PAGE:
Read Full Richmond Times-Dispatch Article

When you think about compassionate professions, chances are the bail bonds industry isn't the first thing that comes to mind.

Brothers Richard and Kent Jennings Brockwell want to change that.

The Brockwells started Hacksaw Bail Bonds this spring. They work out of a second-story office on Hull Street in Richmond's Manchester area.

They call themselves compassionate bail bondsmen.

"Our job is to get people out of jail," Kent said. "But we also want to help them get back on their feet."

Their main profession, of course, is helping people come up with the money needed to bail someone out of jail.

They usually collect 10 percent of the bail amount upfront as their fee and then put up a promissory note to the court for the entire bail amount. Once the case has gone through the system, the promissory note is voided.

The only time they have to pay the full amount to the courts is if the person doesn't appear at a court hearing, Kent said.

The brothers say their service is different because of how they deal with a person just released from jail.

They have set up partnerships with several area employment agencies, counseling centers and drug-treatment programs where they refer their clients.

"We're trying to do right by the people who are in the worst situation imaginable," Kent said. "Why wouldn't we?"

Beyond helping clients get jobs or get treatment for drugs and alcohol, they also bring a cold bottle of water when picking someone up at the jailhouse and, at times, giving newly released prisoners rides home.

As part of their agreement, the person who was let out needs to check in once a week, giving the brothers a chance to see how clients are doing and provide any guidance they can, Richard said.

Kent said they were raised in the kind of family that made it a priority to help people in need.

"It's just who we are," he said. "And we're taking who we are and making it what we do."

Hacksaw is the brothers' first foray into the bail business.

The idea to open a bail bonds company came from Richard, who knew several funeral directors moonlighting in the bail business. They had an opportunity for office space when a friend opened a law practice, and the brothers decided the time was right.

They spent several months getting licensed and opened for business in May.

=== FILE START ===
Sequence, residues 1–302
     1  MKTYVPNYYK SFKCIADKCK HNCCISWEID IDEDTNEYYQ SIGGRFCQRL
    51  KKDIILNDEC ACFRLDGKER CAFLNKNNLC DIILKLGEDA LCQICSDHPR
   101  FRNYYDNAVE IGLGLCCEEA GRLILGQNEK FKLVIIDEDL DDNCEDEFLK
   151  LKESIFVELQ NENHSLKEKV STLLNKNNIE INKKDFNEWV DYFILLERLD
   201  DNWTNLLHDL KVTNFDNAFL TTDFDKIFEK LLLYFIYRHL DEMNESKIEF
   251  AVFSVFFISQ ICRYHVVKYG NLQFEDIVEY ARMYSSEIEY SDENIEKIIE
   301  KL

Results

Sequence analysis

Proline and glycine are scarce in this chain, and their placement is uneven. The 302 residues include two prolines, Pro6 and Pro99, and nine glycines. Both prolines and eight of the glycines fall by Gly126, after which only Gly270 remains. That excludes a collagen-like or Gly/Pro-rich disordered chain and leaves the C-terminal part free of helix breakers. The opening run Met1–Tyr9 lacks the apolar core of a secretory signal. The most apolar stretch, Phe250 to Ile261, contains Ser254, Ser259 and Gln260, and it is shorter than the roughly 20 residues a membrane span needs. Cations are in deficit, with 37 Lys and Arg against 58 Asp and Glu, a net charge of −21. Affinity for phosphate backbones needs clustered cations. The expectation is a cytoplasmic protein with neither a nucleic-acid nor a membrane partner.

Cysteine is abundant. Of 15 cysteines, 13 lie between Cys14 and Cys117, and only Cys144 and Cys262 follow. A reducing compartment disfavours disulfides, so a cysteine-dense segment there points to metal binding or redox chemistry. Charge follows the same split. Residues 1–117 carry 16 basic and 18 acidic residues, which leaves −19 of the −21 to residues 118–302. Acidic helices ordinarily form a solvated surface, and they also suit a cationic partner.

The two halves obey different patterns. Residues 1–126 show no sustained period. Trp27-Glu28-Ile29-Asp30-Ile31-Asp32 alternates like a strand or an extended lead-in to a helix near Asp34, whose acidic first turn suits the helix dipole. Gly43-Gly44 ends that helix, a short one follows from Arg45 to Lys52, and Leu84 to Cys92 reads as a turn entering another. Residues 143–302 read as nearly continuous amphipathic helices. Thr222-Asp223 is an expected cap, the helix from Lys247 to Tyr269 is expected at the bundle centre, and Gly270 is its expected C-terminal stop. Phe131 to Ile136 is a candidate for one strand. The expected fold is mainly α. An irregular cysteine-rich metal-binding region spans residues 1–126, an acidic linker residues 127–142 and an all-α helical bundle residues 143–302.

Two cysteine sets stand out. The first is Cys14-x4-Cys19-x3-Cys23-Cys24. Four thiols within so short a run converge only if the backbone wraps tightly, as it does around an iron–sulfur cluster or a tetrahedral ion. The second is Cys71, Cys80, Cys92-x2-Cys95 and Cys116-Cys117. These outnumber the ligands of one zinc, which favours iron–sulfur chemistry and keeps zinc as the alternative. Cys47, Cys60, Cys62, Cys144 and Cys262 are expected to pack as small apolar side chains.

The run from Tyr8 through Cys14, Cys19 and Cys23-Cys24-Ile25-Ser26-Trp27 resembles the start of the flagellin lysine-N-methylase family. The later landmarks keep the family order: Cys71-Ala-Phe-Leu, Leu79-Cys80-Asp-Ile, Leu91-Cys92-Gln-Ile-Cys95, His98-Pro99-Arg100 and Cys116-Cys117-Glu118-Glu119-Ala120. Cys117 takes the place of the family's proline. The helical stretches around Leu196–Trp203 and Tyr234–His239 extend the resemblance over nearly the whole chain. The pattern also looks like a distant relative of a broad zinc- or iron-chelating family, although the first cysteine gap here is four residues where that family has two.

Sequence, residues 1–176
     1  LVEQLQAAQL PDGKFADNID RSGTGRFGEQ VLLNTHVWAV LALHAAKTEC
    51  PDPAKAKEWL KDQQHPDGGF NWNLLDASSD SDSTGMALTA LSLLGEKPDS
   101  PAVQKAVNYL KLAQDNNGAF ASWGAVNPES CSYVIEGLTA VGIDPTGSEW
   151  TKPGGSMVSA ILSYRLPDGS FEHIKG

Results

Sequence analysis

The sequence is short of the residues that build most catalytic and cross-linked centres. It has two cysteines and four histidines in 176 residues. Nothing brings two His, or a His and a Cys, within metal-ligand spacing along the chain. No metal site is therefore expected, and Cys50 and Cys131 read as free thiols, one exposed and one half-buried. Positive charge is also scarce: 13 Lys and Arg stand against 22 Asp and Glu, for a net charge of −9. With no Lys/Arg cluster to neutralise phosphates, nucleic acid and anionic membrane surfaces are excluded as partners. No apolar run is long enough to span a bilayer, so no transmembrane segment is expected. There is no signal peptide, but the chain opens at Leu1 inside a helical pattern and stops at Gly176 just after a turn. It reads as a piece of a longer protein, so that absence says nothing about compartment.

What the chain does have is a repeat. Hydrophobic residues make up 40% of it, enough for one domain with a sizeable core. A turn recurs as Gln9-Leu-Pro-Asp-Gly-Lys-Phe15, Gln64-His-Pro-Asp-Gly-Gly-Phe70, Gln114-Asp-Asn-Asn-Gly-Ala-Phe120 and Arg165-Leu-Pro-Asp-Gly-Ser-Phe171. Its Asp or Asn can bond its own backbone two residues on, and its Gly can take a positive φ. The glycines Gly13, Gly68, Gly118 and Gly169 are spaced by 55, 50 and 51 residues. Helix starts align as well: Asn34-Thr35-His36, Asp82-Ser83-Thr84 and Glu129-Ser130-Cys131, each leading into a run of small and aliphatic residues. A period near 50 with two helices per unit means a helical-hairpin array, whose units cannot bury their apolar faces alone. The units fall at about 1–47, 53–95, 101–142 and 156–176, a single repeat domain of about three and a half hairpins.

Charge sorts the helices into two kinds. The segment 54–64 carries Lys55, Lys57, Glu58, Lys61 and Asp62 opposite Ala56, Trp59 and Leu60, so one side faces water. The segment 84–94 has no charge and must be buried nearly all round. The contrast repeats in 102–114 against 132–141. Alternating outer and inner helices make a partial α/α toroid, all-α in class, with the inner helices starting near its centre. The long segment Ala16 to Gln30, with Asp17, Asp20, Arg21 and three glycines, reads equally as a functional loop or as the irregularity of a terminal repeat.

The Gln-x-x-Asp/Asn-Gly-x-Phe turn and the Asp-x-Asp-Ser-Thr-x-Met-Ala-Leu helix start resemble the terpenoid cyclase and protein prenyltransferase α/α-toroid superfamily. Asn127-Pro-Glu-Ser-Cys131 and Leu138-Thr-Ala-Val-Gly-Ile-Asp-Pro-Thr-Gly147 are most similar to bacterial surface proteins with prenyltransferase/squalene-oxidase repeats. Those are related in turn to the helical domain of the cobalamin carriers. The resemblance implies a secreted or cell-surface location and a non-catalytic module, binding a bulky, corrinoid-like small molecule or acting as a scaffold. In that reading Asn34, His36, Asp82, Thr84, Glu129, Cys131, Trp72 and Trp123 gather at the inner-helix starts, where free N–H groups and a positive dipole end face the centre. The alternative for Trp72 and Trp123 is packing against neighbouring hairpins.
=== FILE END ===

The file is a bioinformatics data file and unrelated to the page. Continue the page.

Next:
The brothers say their work experience is a benefit to Hacksaw.

Kent is a former journalist who was a copywriter at Circuit City before losing his job when the company collapsed last year.

He handles the marketing for Hacksaw, including reaching out to potential clients via the Web and through social media. He also leaves fliers in places where people have a propensity to get in trouble, such as bars, large events and near universities.

Richard is a former funeral director who works in the insurance industry.

"I spent 25 years meeting with families and helping them through the [burial] process," he said. "You need a similar skill set [to be a bail bondsman]. It's emotional. Families want to do anything they can to get their loved ones buried or out of jail."

Short Pump Gap

The Gap is coming to Short Pump Town Center.

The San Francisco-based apparel retailer will open in the space previously occupied by home furnishings retailer West Elm. The space is near the Orvis Co. store and The Cheesecake Factory.

The Gap store is expected to open this fall and will include Gap Kids and Baby Gap.

West Elm, a furniture retailer owned by Williams-Sonoma, closed in January.

New Chick-fil-A

Chick-fil-A's newest Richmond-area stand-alone location opens Thursday.

The Henrico County restaurant will be on Parham Road, near Quioccasin Road, next to the Ridge Shopping Center. The Chick-fil-A took over the lot of a former Hardee's, which shut down in December.

The 4,287-square-foot restaurant seats 100 and will employ about 65.

As is Chick-fil-A's tradition, 100 adults waiting in line when the restaurant opens at 6 a.m. will win a one-year supply of free Chick-fil-A meals.

Once the new location opens, the Atlanta-based chain will have 18 restaurants in the Richmond area, including 10 free-standing ones.

Southpark Sephora

J.C. Penney has opened a Sephora cosmetics boutique inside its recently renovated Southpark Mall store in Colonial Heights.

The 1,500-square-foot boutique opened Friday.

This is the department store chain's third Sephora in the Richmond area. The others are at the chain's stores in the Chesterfield Towne Center in Chesterfield County and at the Shops at White Oak Village.

J.C. Penney has 105 Sephora boutiques since the retailer began opening them in its stores in 2006.

McGeorge changes

McGeorge Car Co. is renovating its David R. McGeorge Mercedes-Benz dealership on West Broad Street.

The work is costing McGeorge about $1.2 million and was mandated by the German carmaker, which is working to create a unified look among its dealers.

Among the changes are a larger showroom with a new entrance as well as new flooring and doors. The service department will have new toolboxes and workbenches for its employees.

The work is expected to be finished in mid-September.

Nick Scola, a spokesman for McGeorge, said the dealer group wants to wrap up the project in time for its 50th anniversary celebration scheduled for Oct. 4.

Mercedes-Benz of Richmond, McGeorge's store on Midlothian Turnpike, also will be renovated, though appreciably less than the Henrico store. That project is set to begin this year.